The Glassless Viewer

 

Nominated Photograph

International Photography Contest | Fine Art Photography Awards

Photographing is the art of knowing how to see, in order to show. A photograph has no expression or meaning, if not seen and inherently interpreted. The photographer should not only observe and capture. He is impelled to show his creation, almost like a cause-effect relationship. In this process, he influences the image with its own subjectivity. It is something inseparable in the art of photography. Hence its infinity and beauty. The factuality of an image varies in equal measure, with the photographer’s view and other’s subjectivation. In this sense, we’re also responsible for the interpretative direction we give the image, not just the proponent photographer.

Creativity must already exist in each one of us, but it can also be exercised through practice. When a client asks us for a job, we tend to focus more on meeting that goal, in order to meet their requirements and meet the agreed deadlines. Only in this way will we be rewarded. It is a colder, more technical, professional and commercial side of photography. But it allows us to carry out other (more abstract) projects. Creativity is a process that might take a long time to express itself (or not, perhaps) but that does not fit the limitations imposed by a solely mercantilist work. This pause and free time allow us to explore niches of behavior such as perfectionism and emotions, and apply them to photography. In an image I appreciate attributes of simplicity, complexity, antagonism, unpredictability, deconstruction, entropy and improbability…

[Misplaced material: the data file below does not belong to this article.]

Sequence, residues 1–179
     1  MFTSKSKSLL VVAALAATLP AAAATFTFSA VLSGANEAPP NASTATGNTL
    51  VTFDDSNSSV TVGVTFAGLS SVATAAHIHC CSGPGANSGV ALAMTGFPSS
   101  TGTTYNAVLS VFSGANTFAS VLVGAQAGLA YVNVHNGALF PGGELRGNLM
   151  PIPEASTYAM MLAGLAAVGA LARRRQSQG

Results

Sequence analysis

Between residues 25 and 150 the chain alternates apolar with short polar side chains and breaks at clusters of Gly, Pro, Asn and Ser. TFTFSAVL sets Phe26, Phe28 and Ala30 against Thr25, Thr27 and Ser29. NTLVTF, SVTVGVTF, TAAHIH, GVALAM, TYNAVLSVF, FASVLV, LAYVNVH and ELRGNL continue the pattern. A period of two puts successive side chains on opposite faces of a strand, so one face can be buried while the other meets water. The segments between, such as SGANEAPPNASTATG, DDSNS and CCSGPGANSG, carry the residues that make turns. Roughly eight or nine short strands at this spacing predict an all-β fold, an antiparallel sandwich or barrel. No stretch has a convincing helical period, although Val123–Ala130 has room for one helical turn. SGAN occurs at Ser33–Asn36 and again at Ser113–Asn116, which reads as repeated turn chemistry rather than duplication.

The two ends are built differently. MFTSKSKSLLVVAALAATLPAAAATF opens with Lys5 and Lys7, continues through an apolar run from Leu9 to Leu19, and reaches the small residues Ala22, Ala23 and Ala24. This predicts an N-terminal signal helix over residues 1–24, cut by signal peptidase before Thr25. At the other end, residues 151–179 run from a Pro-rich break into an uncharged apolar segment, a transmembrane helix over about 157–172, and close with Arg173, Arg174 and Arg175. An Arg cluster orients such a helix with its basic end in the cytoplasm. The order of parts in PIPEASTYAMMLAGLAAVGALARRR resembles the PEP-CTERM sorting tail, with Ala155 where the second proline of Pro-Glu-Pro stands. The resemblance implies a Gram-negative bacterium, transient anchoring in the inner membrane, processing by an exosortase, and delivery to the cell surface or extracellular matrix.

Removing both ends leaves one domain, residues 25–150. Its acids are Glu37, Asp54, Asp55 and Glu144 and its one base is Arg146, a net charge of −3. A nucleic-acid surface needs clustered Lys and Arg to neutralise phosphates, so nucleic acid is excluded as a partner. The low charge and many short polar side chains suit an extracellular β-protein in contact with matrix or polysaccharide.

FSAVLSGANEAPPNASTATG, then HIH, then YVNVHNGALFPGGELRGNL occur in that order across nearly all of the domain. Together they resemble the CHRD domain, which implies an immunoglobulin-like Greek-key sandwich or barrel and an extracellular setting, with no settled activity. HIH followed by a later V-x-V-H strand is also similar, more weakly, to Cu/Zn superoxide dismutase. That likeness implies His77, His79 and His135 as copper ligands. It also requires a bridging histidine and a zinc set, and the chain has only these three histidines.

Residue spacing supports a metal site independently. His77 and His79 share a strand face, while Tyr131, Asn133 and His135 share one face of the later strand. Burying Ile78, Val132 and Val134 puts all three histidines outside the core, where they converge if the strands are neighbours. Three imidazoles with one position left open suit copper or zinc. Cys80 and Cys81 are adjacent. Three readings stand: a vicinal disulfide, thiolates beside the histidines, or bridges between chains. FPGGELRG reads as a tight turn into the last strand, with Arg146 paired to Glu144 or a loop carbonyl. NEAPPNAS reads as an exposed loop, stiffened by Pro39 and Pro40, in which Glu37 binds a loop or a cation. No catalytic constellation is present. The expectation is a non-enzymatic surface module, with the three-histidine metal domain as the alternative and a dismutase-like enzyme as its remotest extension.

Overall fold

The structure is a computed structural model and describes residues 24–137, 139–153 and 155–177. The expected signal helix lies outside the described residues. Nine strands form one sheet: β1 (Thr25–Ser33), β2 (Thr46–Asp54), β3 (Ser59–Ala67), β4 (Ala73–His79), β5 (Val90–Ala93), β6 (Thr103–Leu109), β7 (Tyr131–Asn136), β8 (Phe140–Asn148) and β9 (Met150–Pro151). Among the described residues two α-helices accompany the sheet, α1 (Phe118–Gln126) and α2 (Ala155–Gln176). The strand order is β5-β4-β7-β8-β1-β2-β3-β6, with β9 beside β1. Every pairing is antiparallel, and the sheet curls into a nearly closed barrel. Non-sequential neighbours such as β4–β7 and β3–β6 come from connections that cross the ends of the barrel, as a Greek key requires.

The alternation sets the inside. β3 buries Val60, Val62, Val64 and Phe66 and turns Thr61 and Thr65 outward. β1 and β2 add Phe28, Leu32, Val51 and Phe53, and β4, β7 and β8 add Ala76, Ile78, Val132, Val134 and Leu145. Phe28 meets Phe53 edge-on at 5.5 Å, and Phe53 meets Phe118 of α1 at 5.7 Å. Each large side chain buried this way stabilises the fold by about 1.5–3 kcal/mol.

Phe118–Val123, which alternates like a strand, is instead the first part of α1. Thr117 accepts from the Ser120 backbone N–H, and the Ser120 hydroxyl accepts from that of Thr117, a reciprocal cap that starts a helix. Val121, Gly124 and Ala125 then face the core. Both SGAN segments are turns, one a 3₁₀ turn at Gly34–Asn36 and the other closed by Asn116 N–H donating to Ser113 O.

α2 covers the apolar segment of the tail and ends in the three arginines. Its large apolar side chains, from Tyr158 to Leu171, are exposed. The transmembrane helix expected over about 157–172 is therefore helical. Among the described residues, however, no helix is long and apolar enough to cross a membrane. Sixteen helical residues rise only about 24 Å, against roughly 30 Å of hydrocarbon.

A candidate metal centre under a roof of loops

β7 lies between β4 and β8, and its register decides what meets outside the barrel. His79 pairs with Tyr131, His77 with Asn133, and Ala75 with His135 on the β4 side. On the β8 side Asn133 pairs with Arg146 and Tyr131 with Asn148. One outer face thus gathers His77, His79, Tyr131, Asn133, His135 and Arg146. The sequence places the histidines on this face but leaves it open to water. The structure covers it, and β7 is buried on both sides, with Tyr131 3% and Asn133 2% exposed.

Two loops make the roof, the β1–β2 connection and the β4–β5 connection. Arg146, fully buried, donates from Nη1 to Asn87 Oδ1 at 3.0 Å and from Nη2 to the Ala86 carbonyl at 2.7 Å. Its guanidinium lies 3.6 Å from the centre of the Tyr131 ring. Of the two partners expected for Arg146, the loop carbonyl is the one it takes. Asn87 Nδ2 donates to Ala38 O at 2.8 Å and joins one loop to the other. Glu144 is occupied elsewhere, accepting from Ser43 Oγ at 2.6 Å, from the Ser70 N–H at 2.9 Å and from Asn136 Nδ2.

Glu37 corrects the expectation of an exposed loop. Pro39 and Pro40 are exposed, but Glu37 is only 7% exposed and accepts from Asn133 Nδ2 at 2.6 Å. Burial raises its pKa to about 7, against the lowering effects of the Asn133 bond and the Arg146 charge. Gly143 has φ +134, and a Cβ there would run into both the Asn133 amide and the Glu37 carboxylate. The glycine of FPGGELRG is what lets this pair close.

Specifically About This Photography | The Glassless Viewer

This work contains some values ​​that I appreciate in Photography, such as: simplicity, improbability, antagonism, composition and perfectionism. With regard to simplicity and composition, the reasons are obvious. As for improbability, I consider it unlikely that we will find a terrace with these characteristics, especially its long overhang and peculiar shape. I see antagonism in the presence of dirt on the floor in contrast to the subtlety of the decor. In addition, the sky looks (but is not) artificial by the absence of irregularities and its hue is in full harmony with the rest of the image. This photograph conveys comfort as you look at the convergence of lines to the center. As soon as the view is guided to the center, it focuses on the decoration piece and is automatically surrounded by a harmonious panorama (although the terrace is outside). Looks like we’re in an enclosed room, but we’re on an almost totaly open terrace. It was a perfectionist job, several hours on the spot and preceded by some research and determination.